As discussed in Part 1 of my review of Reconsidering Jane Jacobs, the book published by the American Planning Association to mark the 50 year after publication of The Death and Life Great American Cities, the latter three essays in the book analyze, critically, the impact that Jane Jacobs has had on urban planning and development.
The theme that runs through these essays is that Jane Jacobs had an unassailable insight, namely that planning from the "aerial view" had been a disaster, and needed to be replaced with planning based on a view of the street, but that inasmuch as the past 50 years of urban development have been a disaster, somehow Jacobs is to blame.
This theme first becomes apparent in the introduction by co-editor Max Page, who declares that his admiration for Jacobs is tempered by the current price tag for her house in Greenwich Village: $3.5 million. Jacobs "saved the neighborhood," Page says, but she "did not foresee what it would become -- an area nearly uniformly for the wealthy."
Page also expresses regret that when Jacobs celebrated the city as it existed (which Page confuses with nostalgia), what was lost was the dynamism of city building; he writes: "The sense of place of the city emanates not from stability, stasis, repetition, and homogeneity but from convulsive change, which is often destructive but also historically and, potentially, creative."
True, Page says that he is responding more to the construct "Jane Jacobs" than what the real life person wrote, but even so it is hard to fault Jacobs for the scarcity of city neighborhoods as good as Greenwich Village, and thus the real estate prices there, or attribute to her the idea that the city should stand still. It is unlikely that Jacobs thought that a city's "sense of place" emanates from convulsive change -- but one must wonder if anyone, including Page, truly believes that. Convulsive change can create places, but would anyone say that the defining characteristic of convulsive change is "sense of place?"
In the first of the final three critical essays in the book, Jill Grant, a professor of planning at Dalhousie University, considers the relationship between Jacobs and New Urbanism. What becomes apparent is that Grant doesn't like Jacobs, but because of Jacobs' unassailable status, Grant goes after her through that convenient punching bag, New Urbanism.
It's not my purpose here to evaluate New Urbanism, but rather to examine Grant's arguments. Unfortunately, these are convoluted and misleading, particularly about what Jacobs stood for (most notably that by arguing for a mixture of uses, Jacobs was embracing a physical, design-based determinism). Grant then tries to prove simultaneously that New Urbanism is based on Jane Jacobs, but gets her wrong and isn't really based on Jacobs.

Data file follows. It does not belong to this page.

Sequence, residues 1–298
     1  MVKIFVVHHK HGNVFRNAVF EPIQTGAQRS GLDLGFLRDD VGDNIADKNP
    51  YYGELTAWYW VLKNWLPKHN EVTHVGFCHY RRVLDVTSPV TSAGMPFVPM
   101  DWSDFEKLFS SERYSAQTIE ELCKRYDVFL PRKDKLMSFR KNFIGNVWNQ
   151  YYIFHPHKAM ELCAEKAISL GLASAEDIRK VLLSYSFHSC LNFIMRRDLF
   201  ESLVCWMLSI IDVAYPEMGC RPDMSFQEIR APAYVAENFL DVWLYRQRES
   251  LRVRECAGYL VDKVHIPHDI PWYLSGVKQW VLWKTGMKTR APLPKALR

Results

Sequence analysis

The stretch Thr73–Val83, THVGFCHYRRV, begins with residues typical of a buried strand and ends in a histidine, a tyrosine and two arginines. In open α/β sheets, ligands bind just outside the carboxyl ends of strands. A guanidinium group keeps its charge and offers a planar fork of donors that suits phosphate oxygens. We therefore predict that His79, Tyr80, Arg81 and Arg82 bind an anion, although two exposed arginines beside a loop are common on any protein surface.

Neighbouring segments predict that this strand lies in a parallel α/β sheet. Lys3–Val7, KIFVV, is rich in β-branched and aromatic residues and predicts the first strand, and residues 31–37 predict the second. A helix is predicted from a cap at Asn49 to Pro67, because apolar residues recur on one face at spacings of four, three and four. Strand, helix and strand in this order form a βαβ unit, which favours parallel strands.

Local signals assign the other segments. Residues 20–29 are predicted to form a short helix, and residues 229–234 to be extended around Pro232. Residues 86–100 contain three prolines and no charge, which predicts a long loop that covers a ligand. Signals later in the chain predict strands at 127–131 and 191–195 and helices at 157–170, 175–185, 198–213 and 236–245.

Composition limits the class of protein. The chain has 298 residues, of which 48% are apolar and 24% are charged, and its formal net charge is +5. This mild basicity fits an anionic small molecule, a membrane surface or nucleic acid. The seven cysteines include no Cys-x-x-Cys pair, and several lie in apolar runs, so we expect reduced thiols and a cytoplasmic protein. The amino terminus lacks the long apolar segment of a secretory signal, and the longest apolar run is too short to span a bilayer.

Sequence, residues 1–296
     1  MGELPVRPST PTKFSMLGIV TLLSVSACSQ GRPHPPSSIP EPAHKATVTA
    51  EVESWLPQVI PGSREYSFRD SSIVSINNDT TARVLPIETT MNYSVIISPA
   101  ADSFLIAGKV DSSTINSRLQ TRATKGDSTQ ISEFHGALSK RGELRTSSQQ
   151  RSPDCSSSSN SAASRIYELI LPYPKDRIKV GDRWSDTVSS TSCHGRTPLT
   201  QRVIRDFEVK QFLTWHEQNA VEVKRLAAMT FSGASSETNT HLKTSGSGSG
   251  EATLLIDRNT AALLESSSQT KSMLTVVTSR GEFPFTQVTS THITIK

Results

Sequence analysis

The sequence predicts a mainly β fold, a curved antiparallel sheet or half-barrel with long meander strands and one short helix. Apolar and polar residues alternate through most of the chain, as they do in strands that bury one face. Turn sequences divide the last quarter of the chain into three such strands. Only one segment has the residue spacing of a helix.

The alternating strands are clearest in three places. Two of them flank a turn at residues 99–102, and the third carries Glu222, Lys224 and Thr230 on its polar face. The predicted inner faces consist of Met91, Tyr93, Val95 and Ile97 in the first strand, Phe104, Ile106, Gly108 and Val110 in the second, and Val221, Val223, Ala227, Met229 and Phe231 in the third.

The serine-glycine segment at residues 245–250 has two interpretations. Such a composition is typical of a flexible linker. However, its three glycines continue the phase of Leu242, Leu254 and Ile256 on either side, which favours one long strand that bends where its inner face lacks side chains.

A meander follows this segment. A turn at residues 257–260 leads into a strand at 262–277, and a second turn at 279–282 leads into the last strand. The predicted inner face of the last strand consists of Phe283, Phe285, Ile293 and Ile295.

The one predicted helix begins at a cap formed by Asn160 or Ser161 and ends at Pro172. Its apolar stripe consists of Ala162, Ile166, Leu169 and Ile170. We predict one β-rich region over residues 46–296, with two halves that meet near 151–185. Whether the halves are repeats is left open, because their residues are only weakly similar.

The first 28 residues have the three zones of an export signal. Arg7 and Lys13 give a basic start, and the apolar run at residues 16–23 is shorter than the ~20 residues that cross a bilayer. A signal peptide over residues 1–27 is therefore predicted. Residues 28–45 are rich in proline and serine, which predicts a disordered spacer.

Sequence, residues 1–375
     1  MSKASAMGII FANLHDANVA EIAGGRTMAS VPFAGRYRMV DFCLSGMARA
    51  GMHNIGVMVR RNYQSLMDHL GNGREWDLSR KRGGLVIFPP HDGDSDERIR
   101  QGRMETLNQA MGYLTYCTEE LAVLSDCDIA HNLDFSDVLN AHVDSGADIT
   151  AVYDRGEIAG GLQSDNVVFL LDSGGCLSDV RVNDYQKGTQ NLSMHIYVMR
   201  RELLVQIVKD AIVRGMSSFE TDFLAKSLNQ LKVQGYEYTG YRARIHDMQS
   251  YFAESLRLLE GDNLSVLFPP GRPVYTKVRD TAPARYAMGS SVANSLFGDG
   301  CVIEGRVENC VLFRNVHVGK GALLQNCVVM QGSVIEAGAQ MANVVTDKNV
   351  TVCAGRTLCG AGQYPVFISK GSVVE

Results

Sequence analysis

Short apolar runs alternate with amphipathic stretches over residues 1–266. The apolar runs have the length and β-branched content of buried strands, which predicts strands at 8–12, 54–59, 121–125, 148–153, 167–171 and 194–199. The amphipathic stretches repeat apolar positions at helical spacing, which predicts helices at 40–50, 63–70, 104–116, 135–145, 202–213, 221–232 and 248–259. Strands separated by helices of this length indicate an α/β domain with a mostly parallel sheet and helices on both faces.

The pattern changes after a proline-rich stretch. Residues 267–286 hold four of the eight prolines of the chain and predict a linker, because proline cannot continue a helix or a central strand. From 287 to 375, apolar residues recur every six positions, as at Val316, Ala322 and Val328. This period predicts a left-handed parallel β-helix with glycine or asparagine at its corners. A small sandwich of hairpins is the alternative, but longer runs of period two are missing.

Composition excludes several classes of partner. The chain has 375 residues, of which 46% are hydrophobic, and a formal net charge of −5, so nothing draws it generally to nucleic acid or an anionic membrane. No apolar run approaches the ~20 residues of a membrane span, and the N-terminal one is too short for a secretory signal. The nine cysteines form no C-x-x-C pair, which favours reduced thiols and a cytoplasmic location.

It's hard to take Grant seriously when she writes sentences like "[i]n the early 1980s [New Urbanist] architect-planners such as Andrés Duany and Peter Calthorpe designed suburban and exurban developments that articulated design principles similar to those Jacobs espoused," as if Jacobs ever espoused anything about suburban and exurban developments. Grant wants to declare that the New Urbanists are Jacobs' avatars as builders, but at the same time she (like other anti-New Urbanist planners) finds it most convenient to criticize them for the places they have designed that are based on a small-town aesthetic.
To give another example of how strained Grant's arguments are, she begins one paragraph with the sentence, "New urbanism works primarily in the neighborhood scale that Jacobs criticized," and then begins the very next paragraph with the words, "Jacobs reveled in small-scale neighborhoods operating at the street-level." True, Jacobs found neighborhoods important for some purposes and not important for others, but then perhaps New Urbanists have complex ideas about neighborhoods, too.
In another paragraph, Grant admits there is a "paucity" of citations to Jacobs in New Urbanist writings, but then says that doesn't matter, because the ideas "seem implicit." Specifically, Grant finds similarities in the writings of Andrés Duany to Jacobs' ideas, but no references to Jacobs; this prompts Grant to dismiss them both with this arch comment: "Perhaps Duany employs the same style of architectural critique as Jacobs -- dispensing with academic citations that might have shown his reading of Jacobs." (This from someone who makes declarations with words like "seem implicit.")
Grant ends with the assertion that "to the extent" (!) Jacobs' ideas have affected planning they have been "linked to new urbanism principles and methods embedded with smart growth strategies and wedded to ideals of sustainability and livability." While doubtless there are New Urbanists eager to agree with Grant that they carry higher than anyone else the banner of Jane Jacobs thought, or, for that matter, are responsible for smart growth and sustainability, it is unclear where Grant gets this idea that to have an impact on planning Jacobs required New Urbanism.
What the New Urbanists take from Jane Jacobs is what nearly every other planner or urbanist working today takes from Jacobs regardless in what context they work: a set of pro-urban values. Love of the city. What was revolutionary about Jacobs in 1961, 15 years into a half-century of sprawl, was not that she stood up to Robert Moses, urban renewal and Modernism, but that she proclaimed her love for city life.
Everyone else was saying, "Get Out!" and she was saying "Stay!"
(In Part 3 of this review, I'll discuss the remaining two critical essays in Reconsidering Jane Jacobs.)
Reconsidering Jane Jacobs, edited by Max Page and Timothy Mennel, published by American Planning Association/Planners Press.